What Actually Happened to New York’s Taxi Drivers
Published May 28, 2019
29 min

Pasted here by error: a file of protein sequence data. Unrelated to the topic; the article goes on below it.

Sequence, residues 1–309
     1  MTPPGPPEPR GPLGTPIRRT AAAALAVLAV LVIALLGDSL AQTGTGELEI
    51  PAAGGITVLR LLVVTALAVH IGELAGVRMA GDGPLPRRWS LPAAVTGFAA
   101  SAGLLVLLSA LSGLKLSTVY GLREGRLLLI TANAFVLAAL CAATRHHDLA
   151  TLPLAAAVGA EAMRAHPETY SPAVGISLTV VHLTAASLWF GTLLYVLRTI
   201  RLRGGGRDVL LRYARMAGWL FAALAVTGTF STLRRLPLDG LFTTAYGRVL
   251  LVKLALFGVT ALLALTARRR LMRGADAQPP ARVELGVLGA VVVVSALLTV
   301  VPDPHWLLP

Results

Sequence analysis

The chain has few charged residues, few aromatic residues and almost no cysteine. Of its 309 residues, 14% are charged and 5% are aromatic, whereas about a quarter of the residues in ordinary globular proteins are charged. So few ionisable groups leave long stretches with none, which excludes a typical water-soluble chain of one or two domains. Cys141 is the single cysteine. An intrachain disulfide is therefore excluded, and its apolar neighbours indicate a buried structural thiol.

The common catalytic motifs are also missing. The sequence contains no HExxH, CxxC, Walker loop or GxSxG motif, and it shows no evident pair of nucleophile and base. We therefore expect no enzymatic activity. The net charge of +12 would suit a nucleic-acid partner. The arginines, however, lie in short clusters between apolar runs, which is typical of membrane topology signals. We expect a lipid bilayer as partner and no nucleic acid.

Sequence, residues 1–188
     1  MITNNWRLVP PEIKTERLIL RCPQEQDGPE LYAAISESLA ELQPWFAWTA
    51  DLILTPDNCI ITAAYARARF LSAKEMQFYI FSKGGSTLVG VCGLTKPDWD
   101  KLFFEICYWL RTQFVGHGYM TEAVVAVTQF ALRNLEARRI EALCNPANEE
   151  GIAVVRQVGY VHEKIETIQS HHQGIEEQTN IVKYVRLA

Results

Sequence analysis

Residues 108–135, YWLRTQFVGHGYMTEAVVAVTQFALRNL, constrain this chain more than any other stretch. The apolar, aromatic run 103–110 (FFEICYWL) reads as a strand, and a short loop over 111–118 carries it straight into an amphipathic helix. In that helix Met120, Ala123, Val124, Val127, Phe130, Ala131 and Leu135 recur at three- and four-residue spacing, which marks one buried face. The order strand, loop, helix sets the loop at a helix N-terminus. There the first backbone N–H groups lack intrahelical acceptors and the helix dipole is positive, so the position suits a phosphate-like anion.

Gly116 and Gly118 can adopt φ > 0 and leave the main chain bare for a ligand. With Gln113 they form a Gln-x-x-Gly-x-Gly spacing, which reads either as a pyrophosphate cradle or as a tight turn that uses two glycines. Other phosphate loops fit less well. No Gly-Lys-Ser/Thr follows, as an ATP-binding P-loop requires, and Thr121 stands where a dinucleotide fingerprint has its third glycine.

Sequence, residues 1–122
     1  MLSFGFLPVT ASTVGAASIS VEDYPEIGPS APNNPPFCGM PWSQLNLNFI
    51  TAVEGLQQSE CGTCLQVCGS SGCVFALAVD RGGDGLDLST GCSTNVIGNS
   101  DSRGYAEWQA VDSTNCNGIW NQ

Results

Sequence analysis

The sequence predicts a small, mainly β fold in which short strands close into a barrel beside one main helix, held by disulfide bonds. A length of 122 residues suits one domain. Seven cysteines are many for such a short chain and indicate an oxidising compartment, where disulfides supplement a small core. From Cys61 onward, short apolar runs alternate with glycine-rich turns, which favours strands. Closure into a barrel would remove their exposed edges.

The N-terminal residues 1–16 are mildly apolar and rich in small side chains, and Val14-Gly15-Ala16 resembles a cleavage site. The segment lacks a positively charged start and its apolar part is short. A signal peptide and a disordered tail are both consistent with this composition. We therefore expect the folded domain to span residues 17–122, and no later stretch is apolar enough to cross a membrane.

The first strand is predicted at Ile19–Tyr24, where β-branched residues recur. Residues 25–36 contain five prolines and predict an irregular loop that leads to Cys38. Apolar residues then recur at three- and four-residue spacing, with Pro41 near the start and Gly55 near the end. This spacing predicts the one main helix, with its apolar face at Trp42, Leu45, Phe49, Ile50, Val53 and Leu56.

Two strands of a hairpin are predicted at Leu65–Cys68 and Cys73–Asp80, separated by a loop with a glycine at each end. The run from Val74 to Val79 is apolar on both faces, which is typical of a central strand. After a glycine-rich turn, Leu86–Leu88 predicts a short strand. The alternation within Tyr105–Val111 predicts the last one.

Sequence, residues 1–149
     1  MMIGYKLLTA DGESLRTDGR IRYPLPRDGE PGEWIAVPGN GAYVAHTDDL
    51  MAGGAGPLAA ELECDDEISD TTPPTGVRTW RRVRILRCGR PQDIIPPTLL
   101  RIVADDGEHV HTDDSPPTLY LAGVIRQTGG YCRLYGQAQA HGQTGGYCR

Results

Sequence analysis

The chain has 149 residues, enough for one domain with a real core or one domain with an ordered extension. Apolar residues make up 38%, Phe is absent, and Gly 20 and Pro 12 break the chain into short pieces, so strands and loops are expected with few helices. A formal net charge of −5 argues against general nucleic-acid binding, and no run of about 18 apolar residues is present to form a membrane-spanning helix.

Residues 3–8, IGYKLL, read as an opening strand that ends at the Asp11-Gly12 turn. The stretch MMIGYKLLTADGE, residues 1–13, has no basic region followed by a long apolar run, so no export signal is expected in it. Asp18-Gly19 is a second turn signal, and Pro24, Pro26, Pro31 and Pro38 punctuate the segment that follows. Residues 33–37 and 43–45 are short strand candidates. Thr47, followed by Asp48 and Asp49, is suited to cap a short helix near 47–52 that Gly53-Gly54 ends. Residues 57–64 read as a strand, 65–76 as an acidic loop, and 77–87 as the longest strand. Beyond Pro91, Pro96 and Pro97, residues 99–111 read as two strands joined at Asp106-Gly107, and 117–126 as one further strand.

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    In the past year, many New York City taxi drivers have fallen deeper into debt, even as the city moved to rein in ride-hailing apps like Uber and Lyft. Our colleague explains how the rush to blame those apps shielded those who were really behind the crisis. Guests: Brian M. Rosenthal, an investigative reporter on the Metro desk of The New York Times, and Nicolae Hent, a taxi driver in New York City. For more information on today’s episode, visit nytimes.com/thedaily. Background reading: A spate of suicides by taxi drivers in New York City over the past year has highlighted in brutal terms the financial plight of those with ownership permits. Officials blamed the crisis on competition from ride-hailing companies such as Uber and Lyft.But thousands of immigrants who were chasing the dream of owning a New York taxi were trapped in reckless loans by bankers who made huge profits, The Times found. Despite years of warning signs, government agencies did little to stop it.
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